|First flight||March 1930|
|Primary users||Polish Air Force|
Spanish Air Force
Design and development
First work on a domestic fighter to replace ill-fated French SPAD 61s in the Polish Air Force was initiated by PWS in 1927. The main designers were Aleksander Grzędzielski and Augustyn Zdaniewski. In 1929 the prototype was built and it first flew in March 1930. At the same time, the more modern fighter PZL P.1 was developed by the PZL. Despite the P.1 being a more capable fighter, the War Ministry decided that it needed further work, and a series of 80 PWS-10 was ordered as a temporary measure. In comparison with the advanced P.1, the PWS-10 was a more classic design, a high-wing parasol monoplane of mixed construction.
A variant of PWS-10 was a biplane PWS-15, being PWS-10 with another pair of wings. A single prototype was made to compare with a monoplane, on the factory's initiative. It first flew in the spring of 1931. It offered better maneuverability and climb ratio with a slightly lower maximum speed. PWS-15 was not produced and was soon broken up.
Mixed construction high-wing parasol monoplane, canvas and plywood covered. A fuselage of a metal frame, covered with duralumin in the front section and canvas in the rear section. Two-spar elliptic wings, of wooden construction, canvas, and plywood covered. Stabilizers, rudder, and elevator of metal construction, canvas-covered. Open pilot's cockpit, with a windshield. Conventional fixed landing gear, with a rear skid. Engine: 12-cylinder water-cooled inline W engine Lorraine-Dietrich LD-12Eb, built by license in Polish Skoda Works. Water radiator under a fuselage front. Two-blade wooden propeller of a fixed pitch. Fuel tank 280 l in a fuselage. Armament: two fixed 7.7 mm Vickers machineguns with interrupter gear, in hull sides.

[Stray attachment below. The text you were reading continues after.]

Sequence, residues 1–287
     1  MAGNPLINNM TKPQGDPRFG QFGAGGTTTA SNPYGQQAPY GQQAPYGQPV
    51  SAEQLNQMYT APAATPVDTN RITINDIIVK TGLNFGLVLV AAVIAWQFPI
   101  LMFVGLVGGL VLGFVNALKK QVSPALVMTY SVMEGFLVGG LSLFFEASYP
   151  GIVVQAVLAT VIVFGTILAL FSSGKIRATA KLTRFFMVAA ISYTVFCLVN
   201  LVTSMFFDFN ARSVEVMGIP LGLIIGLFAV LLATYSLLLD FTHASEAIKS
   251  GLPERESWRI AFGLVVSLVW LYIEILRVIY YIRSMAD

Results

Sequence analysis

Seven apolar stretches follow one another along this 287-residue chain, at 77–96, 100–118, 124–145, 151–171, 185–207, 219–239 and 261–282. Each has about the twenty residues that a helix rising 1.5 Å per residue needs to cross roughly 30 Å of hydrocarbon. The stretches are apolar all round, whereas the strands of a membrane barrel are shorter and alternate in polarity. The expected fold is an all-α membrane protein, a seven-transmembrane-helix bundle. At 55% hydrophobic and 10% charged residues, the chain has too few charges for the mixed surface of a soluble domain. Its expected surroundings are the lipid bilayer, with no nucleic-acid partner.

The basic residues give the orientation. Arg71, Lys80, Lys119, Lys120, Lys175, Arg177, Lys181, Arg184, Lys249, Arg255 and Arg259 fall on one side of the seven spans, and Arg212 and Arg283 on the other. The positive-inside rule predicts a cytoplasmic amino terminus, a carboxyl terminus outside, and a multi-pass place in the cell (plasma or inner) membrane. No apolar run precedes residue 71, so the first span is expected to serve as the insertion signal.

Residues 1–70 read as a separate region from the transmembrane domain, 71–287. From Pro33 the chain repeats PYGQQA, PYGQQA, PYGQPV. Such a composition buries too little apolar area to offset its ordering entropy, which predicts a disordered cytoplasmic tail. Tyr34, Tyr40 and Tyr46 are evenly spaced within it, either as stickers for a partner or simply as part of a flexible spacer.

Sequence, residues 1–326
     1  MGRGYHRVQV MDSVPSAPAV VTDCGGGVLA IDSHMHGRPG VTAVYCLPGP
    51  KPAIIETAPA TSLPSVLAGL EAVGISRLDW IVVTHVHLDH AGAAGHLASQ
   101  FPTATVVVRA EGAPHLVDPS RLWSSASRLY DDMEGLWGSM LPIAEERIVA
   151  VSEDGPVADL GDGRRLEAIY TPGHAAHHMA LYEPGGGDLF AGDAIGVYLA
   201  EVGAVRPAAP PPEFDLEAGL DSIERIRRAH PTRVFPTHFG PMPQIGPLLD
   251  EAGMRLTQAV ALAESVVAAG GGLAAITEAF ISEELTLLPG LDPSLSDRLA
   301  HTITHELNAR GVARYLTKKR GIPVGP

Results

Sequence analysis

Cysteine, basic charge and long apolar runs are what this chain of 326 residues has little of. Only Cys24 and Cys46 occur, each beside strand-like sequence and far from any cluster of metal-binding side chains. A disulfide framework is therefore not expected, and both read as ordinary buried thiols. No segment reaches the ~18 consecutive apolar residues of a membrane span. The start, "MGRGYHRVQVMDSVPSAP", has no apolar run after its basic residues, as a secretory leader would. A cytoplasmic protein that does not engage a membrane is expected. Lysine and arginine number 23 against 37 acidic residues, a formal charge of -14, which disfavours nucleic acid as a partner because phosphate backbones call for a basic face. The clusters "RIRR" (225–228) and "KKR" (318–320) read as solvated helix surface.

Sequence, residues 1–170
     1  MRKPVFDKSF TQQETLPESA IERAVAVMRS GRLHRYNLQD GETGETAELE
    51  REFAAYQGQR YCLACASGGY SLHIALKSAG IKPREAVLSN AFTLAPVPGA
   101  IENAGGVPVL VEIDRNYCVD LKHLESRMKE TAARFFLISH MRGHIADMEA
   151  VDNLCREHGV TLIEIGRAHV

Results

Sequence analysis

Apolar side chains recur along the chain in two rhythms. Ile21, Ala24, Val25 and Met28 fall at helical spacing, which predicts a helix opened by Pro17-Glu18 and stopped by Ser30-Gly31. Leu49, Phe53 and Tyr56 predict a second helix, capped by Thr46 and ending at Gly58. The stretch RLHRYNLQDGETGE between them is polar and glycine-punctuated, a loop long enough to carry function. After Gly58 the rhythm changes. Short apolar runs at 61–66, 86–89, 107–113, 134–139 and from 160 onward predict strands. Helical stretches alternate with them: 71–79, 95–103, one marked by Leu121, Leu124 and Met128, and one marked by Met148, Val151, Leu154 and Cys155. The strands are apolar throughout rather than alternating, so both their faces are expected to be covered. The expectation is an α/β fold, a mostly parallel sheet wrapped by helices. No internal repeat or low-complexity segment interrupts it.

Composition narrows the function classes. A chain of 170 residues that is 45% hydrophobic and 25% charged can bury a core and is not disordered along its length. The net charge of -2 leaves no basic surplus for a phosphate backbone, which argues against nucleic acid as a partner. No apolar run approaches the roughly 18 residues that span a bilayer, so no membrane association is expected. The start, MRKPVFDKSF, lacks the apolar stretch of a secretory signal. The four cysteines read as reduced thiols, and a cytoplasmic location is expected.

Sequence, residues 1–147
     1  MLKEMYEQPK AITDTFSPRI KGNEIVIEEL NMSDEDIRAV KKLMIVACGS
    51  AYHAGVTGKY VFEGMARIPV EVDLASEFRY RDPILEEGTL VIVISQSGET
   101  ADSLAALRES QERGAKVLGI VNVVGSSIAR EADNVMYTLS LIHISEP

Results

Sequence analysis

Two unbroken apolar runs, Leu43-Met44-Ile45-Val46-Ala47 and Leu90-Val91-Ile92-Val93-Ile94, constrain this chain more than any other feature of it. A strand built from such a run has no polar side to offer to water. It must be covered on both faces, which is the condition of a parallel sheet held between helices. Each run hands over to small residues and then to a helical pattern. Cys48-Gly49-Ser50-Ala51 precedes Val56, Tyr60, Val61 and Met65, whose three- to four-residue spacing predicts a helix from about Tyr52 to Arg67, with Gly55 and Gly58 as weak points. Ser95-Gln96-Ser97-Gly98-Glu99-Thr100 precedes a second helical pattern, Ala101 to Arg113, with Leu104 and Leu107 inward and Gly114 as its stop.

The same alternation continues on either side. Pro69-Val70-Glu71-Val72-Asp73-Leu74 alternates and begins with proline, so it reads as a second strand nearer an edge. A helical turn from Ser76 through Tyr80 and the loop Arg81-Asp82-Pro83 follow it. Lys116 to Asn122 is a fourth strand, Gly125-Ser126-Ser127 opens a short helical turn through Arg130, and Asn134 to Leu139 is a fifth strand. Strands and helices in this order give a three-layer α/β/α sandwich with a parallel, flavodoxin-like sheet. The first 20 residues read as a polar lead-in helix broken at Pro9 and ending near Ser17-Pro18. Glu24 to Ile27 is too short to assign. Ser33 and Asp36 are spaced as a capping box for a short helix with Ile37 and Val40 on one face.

PWS-10 entered service in the Polish Air Force starting from 1932. It was used in cadres nos. 122, 131, 132, 141. Their flight characteristics and performance were mediocre. As soon, as in 1933 they were replaced in combat units by PZL P.7 and moved to aviation school in Dęblin. Some were used there by the outbreak of World War II and in summer 1939 all remaining airworthy aircraft were gathered in Ułęż.
In late 1936, during the Spanish Civil War, 20 PWS-10 were sold in secret to Spanish nationalist forces, via Portugal, by the SEPEWE syndicate. Aircraft were transported in crates and were assembled by PZL workers. First aircraft was flown in December 1936 in Leon. Being obsolete by then, they were not used as fighters, only fighter pilot training (for 4. Fighter Group) in El Copero near Seville. Later PWS-10s were transferred to Jerez de la Frontera where were operated between April 1937 and the end of 1938. Spanish aircraft received the name Chiquita, or unofficial Pavipollo and they had numbers from 4-1 to 4-20. Some were lost in crashes or scrapped, the remaining 11 were operated till the end of the 1938 and were retired in 1939.
During the German invasion of Poland in September 1939, they were too obsolete to be used in combat, but some were used for reconnaissance flights in an improvised Dęblin Group during first days of the war.
- PWS-10 : Single-seat fighter biplane.
- PWS-10M : This was the original designation of the PWS-10.
- PWS-15 : PWS-10 with a new wing, one conversion only, not successful.
Data from
- Crew: 1
- Length: 7.7 m (25 ft 3 in)
- Wingspan: 10.5 m (34 ft 5 in)
- Height: 2.9 m (9 ft 6 in)
- Wing area: 18.25 m2 (196.4 sq ft)
- Empty weight: 1,113 kg (2,454 lb)
- Gross weight: 1,500 kg (3,307 lb)
- Max takeoff weight: 1,550 kg (3,417 lb)
- Powerplant: 1 × Lorraine-Dietrich 12Eb W-12 water-cooled piston engine, 356 kW (478 hp)
- Propellers: 2-bladed fixed-pitch propeller
- Maximum speed: 240 km/h (150 mph, 130 kn)
- Cruise speed: 215 km/h (134 mph, 116 kn)
- Range: 520 km (320 mi, 280 nmi)
- Service ceiling: 5,900 m (19,400 ft)
- Rate of climb: 5.8 m/s (1,140 ft/min)
- Wing loading: 82.3 kg/m2 (16.9 lb/sq ft)
- Guns: 2 x 7.7 mm Vickers machine guns
- Glass, Andrzej (1977). Polskie konstrukcje lotnicze 1893–1939 (in Polish). Warsaw: WKiŁ.
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